But the capacity improvement that comes from having the stations be THROUGH-stations rather than terminals is tremendous. At a terminal, an incoming train must sit at the terminal for many minutes (and sometimes many hours) before making its scheduled return trip. Alternatively, the train must be dead-headed to a nearby holding facility, and such facilities represent a tremendous waste of valuable downtown or near-downtown real estate.

      By way of comparison, at a through-station, the train stays in the station (and occupies the platform) just long enough to drop off disembarking passengers and pick up new ones who are boarding there before continuing on its way as scheduled. Dwell times are typically well less than a minute.

      Contrast that against, e.g., North Station, where there are ten stub-end tracks. At any given time, how many trains are sitting idle at the station, occupying platforms? How many of them are actively boarding or detraining at any given time?

      • Ed Cutting, Ed. D.

        Stand at BON some evening with a stopwatch, those trains aren’t boarded in one minute — it takes more like 15. Nor do trains sit idle very long — they really can only announce one at a time for crowd control reasons.

        • Thomas J. Girsch

          That’s because BON is a terminal, where it’s an everybody-off, everybody-on situation. Contrast that against through-stations like BBY or even NYP. For all of NYP’s faults, and its high levels of boarding/disembarking, dwell times aren’t remotely close to 15 minutes.

          Point taken, however, that dwell times would be longer than a minute at major transfer stations. But again, BBY, NYP and PHL are better points of comparison.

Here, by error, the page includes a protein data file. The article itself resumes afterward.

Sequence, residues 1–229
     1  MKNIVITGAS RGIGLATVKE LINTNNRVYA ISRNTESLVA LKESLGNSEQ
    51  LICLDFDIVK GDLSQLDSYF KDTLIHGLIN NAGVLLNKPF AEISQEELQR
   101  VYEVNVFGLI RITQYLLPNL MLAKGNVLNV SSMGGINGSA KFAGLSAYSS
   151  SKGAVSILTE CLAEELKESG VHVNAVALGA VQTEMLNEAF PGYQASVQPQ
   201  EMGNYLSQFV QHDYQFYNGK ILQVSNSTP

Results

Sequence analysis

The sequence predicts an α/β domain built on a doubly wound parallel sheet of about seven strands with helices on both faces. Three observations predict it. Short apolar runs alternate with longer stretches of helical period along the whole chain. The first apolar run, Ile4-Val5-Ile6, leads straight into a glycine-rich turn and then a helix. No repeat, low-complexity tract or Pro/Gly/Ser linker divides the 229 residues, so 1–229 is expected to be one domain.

• Ed Cutting, Ed. D.

            All Amtrak, including Acela, has a 15 minute dwell at NYP.

    • Thomas J. Girsch

      Communities *do* get a say in whether or not they get commuter rail service. Look, for example, at the ongoing back-and-forth to take daily commuter rail service to Foxborough. Whatever the MBTA might want, the town selectmen must approve, or the plan goes nowhere.

      With that in mind, I fail to see how the construction of the rail link “screws” any community.

      • Ed Cutting, Ed. D.

        Do communities get a say in reduction of service?

        • Thomas J. Girsch

          Exactly the same say as they do today. But I’m not sure how this is relevant to the question of whether the rail link should be built. Nothing about the construction of the rail link necessitates a reduction in service, and in fact, it’s more likely to encourage *increased* service, since it’s well-documented that increased connectivity increases ridership.

    • Thomas J. Girsch

      Here’s the thing: Whatever we personally believe about the likely impacts of the NSRL is ultimately irrelevant.Study is needed to determine what the costs and benefits are, as well as what the adverse impacts might be. To that end, it’s critical that MassDOT does a fair and honest study to determine whether or not it makes sense.